The Muslim Quarter in Jerusalem old city is famous for its shuk (open marketplace), and its madrasas (Muslim schools). It also has many beautiful fountains and public buildings, many of them built by Suleiman the Magnificent.
Some Christians live along the Via Dolorosa in the Muslim Quarter. Jews used to live here – in fact this used to be called the Jewish Quarter, but most Jews moved out during the anti-Jewish riots in the 1920s.
The Muslim Quarter is the largest and most populous of the four quarters and is situated in the northeastern corner of the Old City, extending from the Lions' Gate in the east, along the northern wall of the Temple Mount in the south, to the Damascus Gate - Western Wall route in the west. The Via Dolorosa road starts in the quarter.
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Muslim Quarter Jerusalem
The population of the Muslim Quarter is 22,000. Like the other three quarters of the Old City, the Muslim quarter had a mixed population of Jews as well as Muslims and Christians until the riots of 1929. Today 60 Jewish families live in the Muslim Quarter, and a few yeshivot are located there. The main one is Yeshivat Ateret Cohanim. Jewish landmarks within the quarter include the Kotel Katan or Little Western Wall, and the Western Wall Tunnels, which run below the neighborhood along the Western Wall.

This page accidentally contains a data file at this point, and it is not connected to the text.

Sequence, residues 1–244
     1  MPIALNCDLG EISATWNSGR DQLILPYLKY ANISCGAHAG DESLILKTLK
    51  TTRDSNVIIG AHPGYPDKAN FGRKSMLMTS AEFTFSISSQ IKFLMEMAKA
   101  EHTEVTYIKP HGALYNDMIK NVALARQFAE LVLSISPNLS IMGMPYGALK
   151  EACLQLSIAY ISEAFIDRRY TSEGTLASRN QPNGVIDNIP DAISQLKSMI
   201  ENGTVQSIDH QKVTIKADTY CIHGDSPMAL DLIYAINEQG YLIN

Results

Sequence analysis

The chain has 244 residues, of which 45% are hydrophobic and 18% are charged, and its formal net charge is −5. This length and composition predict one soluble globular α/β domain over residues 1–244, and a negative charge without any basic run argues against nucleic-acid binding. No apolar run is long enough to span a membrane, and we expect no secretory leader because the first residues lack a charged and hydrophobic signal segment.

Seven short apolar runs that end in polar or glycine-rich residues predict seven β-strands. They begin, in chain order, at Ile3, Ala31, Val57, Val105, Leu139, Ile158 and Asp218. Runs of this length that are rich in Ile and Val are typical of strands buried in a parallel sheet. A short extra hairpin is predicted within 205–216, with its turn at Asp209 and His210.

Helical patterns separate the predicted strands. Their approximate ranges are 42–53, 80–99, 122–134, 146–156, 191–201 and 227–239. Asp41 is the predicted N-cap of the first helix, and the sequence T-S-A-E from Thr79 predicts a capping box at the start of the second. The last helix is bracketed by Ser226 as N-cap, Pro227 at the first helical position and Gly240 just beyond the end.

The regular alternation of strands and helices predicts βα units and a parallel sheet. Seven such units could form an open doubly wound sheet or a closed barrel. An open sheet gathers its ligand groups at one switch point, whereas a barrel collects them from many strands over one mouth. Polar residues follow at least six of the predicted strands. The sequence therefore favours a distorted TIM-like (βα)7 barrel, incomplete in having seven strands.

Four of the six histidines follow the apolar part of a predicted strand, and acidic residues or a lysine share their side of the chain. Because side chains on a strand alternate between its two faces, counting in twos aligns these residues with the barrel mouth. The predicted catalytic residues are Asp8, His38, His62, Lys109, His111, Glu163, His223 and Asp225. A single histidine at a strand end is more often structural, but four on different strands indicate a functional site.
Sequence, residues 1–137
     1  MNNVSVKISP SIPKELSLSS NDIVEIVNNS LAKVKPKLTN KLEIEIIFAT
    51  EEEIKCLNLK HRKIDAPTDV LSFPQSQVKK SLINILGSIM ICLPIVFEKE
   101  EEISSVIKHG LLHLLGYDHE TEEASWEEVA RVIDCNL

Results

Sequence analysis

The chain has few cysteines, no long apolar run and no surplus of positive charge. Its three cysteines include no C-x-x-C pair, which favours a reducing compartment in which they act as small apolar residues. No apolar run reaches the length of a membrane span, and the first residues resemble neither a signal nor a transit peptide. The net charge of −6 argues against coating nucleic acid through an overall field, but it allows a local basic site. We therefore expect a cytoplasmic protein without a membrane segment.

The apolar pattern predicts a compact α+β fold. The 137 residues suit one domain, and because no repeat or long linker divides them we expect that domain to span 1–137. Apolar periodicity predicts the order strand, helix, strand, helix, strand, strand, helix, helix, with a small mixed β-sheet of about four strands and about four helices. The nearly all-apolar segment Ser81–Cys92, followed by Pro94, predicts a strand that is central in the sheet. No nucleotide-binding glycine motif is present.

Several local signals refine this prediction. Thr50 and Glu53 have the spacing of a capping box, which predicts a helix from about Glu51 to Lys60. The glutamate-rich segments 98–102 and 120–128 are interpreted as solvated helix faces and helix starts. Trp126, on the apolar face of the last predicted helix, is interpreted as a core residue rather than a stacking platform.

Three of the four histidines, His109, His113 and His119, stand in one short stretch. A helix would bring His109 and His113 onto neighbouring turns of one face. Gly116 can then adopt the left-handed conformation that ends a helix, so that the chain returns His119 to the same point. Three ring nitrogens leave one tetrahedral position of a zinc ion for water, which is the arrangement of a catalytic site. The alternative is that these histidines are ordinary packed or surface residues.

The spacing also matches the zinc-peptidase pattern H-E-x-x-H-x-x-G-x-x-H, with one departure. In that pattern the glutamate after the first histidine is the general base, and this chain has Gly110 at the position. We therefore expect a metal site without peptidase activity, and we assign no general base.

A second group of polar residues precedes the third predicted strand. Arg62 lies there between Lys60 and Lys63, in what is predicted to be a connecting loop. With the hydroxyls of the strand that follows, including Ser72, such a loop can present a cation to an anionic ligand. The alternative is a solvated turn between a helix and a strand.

On July 27 2005 Israeli planners approved the construction of Jewish housing in the Muslim Quarter, a few meters from the al-Aqsa Mosque. It will contain thirty apartments on three dunums of land.
This is the Old City's largest and most densely populated quarter and is an experience for all the senses, with nargila to smoke, souvenirs to haggle over in the never-ending alleys of the souk, and Islamic architecture to marvel at. Many of the buildings in this area stem from the Mamuluk period (13th to 16th century). Examples of this architecture are Khan al-Sultan on Bab al-Silsila Street, an inn for merchants that was built in 1386 and Madrasa al-Aghuniya on Bab al-Hadid Street, a religious learning centre built in 1358. This quarter stretches all the way from the Damascus Gate to the Temple Mount. Al Wad Road will take you from Damascus Gate to the Western Wall in the neighbouring Jewish Quarter. Souq Khan al-Zeit (also reached from the Damascus Gate) is the busiest shopping street in the Old City and runs between the Arab and Christian Quarters.
Information by Wcities